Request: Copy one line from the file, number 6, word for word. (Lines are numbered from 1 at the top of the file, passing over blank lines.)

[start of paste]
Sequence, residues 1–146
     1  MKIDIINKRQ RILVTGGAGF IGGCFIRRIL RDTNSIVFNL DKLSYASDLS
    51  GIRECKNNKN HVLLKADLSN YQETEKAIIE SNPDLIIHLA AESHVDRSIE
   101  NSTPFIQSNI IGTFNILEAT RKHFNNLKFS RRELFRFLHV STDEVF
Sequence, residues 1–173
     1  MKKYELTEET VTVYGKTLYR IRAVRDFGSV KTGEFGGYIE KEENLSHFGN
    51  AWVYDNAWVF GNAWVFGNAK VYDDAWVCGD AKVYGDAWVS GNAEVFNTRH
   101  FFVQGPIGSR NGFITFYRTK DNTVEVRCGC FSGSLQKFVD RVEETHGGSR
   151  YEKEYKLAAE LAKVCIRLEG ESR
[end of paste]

     1  MKKYELTEET VTVYGKTLYR IRAVRDFGSV KTGEFGGYIE KEENLSHFGN